SJC rules: odor of burnt marijuana not evidence of crime
Yesterday the SJC here in Mass made a decision as a direct result of the overwhelming approval of Ballot Question 2, the decriminalization of marijuana. The court by a 5-1 decision made the right call in a case that exemplifies how law enforcement has used the war on drugs, specifically marijuana to bolster their arrest records, waste millions of public safety dollars, while violent hard core criminals prowl our state.
This decision will have an impact on Framingham Police as they are constantly using the "smell of burnt marijuana" to gain access to homes and cars, wasting tax dollars busting low level pot smokers.
From the Globe:
The state’s highest court, overturning precedent and denying police a crime-fighting tool, ruled yesterday that the odor of marijuana smoke is not enough for officers to order a person out of a parked car, now that possession of less than an ounce of marijuana is no longer a crime in Massachusetts.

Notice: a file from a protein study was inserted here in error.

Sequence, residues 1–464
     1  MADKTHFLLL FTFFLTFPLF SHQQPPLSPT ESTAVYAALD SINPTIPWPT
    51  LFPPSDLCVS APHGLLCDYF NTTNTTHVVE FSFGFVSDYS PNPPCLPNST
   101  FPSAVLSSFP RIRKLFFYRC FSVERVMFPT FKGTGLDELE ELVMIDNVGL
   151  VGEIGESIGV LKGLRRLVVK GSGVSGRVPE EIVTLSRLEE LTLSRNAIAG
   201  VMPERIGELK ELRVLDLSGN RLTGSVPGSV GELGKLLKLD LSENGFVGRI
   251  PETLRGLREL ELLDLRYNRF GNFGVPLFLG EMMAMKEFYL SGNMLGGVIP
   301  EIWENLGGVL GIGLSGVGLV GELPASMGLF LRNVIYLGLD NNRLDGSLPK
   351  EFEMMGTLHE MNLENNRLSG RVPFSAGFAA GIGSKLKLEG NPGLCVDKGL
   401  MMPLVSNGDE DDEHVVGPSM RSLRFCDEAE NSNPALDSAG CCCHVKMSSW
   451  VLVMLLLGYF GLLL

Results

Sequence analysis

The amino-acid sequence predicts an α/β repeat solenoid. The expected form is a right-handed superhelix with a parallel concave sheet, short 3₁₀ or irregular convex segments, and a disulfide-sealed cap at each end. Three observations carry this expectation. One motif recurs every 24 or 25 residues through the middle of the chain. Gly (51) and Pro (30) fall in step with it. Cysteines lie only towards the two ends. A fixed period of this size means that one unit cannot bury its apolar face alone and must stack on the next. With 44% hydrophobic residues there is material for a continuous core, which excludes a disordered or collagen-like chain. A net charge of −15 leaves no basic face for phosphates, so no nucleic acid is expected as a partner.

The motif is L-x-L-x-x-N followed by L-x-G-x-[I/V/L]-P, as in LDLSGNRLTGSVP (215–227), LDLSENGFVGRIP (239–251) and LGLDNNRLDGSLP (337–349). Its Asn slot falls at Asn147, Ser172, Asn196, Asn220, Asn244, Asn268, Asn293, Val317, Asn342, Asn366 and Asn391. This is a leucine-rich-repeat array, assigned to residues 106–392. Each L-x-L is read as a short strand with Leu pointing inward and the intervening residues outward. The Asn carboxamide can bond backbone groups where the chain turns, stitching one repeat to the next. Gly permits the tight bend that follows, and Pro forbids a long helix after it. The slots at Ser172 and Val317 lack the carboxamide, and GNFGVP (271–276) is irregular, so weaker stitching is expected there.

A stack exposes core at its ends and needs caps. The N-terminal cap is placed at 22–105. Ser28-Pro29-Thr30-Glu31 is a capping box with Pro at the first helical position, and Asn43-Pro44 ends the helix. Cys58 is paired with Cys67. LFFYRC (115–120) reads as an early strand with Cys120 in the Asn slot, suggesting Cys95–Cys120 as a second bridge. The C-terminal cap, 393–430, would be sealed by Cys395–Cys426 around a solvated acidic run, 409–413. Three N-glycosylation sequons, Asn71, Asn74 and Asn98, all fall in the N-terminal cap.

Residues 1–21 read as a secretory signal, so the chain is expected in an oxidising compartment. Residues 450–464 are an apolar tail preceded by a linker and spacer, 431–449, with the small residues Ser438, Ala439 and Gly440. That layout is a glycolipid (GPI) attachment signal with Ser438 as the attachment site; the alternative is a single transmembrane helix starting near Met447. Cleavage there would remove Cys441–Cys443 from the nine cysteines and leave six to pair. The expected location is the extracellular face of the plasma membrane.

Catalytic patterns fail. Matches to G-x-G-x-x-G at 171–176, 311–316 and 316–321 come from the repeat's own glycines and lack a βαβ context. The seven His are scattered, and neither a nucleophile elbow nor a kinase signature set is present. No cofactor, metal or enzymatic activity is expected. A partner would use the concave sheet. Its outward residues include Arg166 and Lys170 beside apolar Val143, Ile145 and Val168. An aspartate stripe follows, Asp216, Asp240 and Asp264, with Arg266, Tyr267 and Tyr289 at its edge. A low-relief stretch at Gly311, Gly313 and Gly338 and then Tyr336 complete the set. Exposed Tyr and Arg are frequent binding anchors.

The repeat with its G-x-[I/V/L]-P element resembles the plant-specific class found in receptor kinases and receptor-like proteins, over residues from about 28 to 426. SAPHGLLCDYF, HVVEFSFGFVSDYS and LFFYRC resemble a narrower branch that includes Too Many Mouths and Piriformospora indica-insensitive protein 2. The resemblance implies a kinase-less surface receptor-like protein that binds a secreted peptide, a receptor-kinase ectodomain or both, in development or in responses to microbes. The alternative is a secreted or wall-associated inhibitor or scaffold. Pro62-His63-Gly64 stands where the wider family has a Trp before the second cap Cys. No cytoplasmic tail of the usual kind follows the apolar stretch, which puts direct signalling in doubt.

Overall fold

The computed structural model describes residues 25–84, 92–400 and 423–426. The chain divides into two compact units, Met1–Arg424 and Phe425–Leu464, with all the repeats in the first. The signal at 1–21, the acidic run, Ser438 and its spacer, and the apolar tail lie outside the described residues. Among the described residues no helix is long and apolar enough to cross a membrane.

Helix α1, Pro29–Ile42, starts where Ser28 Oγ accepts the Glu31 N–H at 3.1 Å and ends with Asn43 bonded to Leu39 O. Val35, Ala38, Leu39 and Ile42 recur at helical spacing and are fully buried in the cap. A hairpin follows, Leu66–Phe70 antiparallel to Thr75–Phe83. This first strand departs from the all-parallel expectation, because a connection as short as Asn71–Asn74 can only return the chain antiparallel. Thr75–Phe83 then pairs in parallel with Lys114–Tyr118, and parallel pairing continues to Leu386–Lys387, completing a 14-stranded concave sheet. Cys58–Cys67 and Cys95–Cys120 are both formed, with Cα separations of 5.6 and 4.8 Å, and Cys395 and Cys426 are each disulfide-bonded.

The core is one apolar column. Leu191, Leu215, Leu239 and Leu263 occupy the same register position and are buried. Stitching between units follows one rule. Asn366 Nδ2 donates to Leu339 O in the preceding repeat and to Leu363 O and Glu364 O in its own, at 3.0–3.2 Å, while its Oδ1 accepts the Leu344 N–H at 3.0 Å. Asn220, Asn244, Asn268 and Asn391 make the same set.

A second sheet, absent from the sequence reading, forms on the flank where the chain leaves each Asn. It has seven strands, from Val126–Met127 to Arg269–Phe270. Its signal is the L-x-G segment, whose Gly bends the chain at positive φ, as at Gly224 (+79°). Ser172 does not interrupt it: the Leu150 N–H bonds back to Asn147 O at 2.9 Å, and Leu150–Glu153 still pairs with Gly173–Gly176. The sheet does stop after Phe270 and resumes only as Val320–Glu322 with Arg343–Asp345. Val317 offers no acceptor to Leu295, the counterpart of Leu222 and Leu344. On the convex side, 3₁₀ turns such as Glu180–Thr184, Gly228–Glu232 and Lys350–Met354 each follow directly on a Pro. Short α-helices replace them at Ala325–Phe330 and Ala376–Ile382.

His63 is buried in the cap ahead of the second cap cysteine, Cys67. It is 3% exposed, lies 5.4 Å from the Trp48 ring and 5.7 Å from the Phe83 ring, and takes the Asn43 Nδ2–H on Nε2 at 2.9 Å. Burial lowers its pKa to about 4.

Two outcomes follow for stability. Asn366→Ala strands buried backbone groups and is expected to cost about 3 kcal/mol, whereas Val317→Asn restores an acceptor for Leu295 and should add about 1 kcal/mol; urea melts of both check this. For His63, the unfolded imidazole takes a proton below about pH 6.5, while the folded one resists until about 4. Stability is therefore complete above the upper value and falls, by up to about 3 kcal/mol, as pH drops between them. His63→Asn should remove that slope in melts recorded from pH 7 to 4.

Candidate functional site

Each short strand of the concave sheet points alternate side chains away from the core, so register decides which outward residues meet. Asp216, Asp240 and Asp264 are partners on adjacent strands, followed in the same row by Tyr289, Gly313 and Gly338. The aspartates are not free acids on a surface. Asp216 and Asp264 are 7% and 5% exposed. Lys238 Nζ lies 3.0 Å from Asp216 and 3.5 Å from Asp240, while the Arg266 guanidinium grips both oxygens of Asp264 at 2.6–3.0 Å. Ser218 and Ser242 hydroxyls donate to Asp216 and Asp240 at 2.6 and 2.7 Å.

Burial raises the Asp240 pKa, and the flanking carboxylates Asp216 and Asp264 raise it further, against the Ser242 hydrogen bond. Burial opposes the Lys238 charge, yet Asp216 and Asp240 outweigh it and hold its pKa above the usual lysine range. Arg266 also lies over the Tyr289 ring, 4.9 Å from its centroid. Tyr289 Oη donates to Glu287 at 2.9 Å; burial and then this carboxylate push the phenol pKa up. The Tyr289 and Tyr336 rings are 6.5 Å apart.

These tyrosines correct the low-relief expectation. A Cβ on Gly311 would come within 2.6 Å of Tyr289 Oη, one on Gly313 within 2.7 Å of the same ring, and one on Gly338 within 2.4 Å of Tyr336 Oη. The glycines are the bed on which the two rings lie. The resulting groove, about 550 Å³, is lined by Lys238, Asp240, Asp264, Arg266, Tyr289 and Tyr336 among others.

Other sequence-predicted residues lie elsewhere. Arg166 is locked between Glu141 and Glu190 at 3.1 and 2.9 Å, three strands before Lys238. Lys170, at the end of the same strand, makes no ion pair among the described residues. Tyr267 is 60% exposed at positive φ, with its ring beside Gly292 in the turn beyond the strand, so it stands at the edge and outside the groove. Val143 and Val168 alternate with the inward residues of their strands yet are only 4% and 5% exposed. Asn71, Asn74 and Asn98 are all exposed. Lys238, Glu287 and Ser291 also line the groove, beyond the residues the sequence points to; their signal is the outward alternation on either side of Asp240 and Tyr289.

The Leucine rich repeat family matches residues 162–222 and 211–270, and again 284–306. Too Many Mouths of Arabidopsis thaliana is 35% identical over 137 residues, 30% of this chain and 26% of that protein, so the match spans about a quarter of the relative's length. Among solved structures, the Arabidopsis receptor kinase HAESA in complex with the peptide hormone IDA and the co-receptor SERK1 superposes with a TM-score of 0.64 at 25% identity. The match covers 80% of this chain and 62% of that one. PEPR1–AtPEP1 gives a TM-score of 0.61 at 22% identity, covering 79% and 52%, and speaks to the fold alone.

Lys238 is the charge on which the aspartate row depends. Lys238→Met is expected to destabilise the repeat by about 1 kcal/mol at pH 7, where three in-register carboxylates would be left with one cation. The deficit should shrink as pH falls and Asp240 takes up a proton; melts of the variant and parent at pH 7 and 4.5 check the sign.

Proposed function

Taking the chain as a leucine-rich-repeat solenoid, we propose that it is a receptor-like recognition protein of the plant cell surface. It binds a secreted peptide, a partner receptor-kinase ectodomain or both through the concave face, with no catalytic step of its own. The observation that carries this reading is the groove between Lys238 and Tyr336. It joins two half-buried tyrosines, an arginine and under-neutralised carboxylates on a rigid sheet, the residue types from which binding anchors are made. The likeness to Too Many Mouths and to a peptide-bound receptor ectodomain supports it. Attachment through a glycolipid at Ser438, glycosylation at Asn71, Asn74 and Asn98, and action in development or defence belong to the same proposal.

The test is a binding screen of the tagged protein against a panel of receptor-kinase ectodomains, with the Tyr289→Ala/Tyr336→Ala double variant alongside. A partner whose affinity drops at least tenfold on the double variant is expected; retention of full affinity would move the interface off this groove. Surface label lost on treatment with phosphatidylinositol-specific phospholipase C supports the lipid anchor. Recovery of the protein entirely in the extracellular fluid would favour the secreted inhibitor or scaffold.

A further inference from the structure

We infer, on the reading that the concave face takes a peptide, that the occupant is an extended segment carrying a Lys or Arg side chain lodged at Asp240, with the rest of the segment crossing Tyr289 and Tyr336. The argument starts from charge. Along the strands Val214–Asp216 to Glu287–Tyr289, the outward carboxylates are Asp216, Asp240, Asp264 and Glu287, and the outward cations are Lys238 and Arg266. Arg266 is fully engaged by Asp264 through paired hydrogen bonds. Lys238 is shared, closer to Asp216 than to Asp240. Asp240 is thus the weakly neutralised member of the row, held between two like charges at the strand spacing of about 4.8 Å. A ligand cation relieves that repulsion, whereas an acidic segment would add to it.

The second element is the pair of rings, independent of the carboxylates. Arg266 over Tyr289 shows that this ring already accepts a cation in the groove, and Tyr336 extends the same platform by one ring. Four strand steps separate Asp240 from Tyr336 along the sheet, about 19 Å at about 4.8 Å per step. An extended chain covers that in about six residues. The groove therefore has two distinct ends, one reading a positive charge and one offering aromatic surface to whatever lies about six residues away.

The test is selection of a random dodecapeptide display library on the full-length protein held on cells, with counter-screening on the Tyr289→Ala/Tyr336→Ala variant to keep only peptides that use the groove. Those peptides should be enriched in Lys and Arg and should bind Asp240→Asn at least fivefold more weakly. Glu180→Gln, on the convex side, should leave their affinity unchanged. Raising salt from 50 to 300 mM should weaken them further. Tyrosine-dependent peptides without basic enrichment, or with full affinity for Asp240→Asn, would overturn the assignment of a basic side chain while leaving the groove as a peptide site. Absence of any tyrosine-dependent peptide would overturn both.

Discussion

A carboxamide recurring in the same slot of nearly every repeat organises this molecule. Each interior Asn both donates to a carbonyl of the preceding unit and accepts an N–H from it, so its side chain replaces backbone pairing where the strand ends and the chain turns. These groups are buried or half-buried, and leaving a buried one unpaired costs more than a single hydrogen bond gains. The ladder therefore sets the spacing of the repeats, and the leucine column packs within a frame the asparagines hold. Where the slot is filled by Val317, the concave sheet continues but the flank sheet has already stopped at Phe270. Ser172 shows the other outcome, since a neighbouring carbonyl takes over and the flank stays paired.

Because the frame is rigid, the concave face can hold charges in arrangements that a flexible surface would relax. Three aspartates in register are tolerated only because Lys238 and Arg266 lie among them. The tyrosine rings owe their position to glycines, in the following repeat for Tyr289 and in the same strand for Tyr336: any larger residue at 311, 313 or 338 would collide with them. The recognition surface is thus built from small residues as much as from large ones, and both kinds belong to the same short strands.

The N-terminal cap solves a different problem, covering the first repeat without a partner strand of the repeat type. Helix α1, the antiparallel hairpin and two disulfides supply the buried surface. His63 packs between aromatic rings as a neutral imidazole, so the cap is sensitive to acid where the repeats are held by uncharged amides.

“Without at least some other additional fact to bolster a reasonable suspicion of actual criminal activity, the odor of burnt marijuana alone cannot reasonably provide suspicion of criminal activity to justify an exit order,’’ the court ruled in a 5-to-1 decision written by Chief Justice Roderick Ireland.
The justices ruled that voters, in passing the 2008 ballot question, intended that possessing an ounce or less of marijuana “should not be considered a serious infraction worthy of criminal sanction.’’
“Ferreting out decriminalized conduct with the same fervor associated with the pursuit of serious criminal conduct is neither desired by the public, nor in accord with the plain language of the statute,’’ Roderick wrote.